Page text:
Jurgen Klopp has spoken about the injury sustained to Yasser Larouci in the pre-season encounter against Sevilla on Sunday night at Fenway Park in Boston.
The 18 year-old left-back who has impressed many with his play in the pre-season was hacked down by Joris Gnagnon in the 80th minute of the encounter, which saw the Algerian youngster carried off on a stretcher and Gnagnon rightly given a straight red card.
After the game, the always straight-talking James Milner did not miss his target when he spoke to LFCTV.
"Was it too much? I thought so yes, it was a disgraceful tackle.
"We know it's only a friendly, but I mean, you don't see many red cards in friendlies, do you?
"It is a tough one for the referee because you don't want to use red cards in a lot in friendlies and it is a a rare thing to see.
“You don't normally see too many tackles [like Gnagnon's] but it is a disgrace really."
For his part, the Frenchman issued a groveling apology after the game on social media.
“I want to publicly apologise to Liverpool, the player’s family and fans.
"It was an odious act on my part that had no place on the football pitch. All my prayers are with the player and his family.”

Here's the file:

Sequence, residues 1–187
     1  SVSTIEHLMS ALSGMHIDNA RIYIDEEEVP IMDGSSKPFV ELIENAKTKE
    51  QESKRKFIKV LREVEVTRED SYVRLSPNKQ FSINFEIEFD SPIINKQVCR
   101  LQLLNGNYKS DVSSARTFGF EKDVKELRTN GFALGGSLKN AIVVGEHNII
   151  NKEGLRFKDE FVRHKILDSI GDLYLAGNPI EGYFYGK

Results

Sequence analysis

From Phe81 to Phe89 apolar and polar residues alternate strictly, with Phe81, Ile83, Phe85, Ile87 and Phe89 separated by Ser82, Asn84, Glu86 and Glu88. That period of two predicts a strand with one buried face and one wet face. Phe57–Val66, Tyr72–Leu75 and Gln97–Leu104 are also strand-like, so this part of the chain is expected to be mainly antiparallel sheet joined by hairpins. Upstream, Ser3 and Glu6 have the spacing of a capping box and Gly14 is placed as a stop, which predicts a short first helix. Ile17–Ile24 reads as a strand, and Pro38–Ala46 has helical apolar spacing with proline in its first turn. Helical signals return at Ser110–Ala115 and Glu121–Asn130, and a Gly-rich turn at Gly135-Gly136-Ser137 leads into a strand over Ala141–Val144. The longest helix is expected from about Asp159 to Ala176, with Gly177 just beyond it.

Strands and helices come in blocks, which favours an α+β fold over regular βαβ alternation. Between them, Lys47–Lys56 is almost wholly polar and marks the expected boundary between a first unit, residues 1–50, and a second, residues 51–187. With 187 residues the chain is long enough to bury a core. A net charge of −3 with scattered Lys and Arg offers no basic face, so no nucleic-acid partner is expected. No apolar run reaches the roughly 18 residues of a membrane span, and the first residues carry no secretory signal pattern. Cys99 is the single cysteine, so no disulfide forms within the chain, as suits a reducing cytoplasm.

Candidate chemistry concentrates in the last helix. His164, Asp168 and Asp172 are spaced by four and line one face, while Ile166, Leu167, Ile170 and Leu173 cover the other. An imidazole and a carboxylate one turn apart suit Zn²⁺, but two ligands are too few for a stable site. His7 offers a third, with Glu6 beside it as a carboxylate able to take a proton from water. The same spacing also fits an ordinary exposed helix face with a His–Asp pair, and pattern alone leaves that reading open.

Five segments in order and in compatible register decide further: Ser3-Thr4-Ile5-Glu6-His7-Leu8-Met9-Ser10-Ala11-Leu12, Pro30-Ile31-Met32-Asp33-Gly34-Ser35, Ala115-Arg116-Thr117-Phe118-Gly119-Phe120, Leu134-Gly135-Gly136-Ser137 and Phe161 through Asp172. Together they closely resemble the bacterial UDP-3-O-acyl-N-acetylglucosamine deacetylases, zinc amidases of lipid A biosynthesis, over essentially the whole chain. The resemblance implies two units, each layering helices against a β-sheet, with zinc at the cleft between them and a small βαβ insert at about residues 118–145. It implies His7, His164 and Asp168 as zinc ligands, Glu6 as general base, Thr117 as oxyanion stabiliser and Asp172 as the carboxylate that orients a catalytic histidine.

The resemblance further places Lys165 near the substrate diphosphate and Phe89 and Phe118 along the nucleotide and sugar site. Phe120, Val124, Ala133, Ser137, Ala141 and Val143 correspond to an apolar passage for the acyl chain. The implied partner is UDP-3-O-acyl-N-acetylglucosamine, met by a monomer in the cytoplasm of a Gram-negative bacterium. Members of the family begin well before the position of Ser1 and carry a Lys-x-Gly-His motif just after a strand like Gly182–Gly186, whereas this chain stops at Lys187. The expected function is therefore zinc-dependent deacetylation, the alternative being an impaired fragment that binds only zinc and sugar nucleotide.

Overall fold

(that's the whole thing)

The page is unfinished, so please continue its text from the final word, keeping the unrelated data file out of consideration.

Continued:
On happier news, the manager reported that Larouci may have escaped serious injury.
ESPN reported Klopp as saying:
"It looks like he was lucky but, of course, how it always is with these things we have to wait a little bit.
"He [Gnagnon] hit him full throttle and, in that moment, [if it was] a little bit different position where he hit him, then it's done.
"I don't know 100 percent. It looks like he was lucky, but I only spoke quickly to the [doctor] and that's what he said, but but we have to see.
"Yasser couldn't keep on playing, so that's the first not-so-good sign, but in the dressing room it was OK.
Klopp gave a update on one of his other youngsters who suffered a injury in this bruising encounter.
"Harry Wilson got a knock on his jaw and a finger in his eye, so not too cool. He should be OK as well but couldn't carry on as well.
"That's the situation."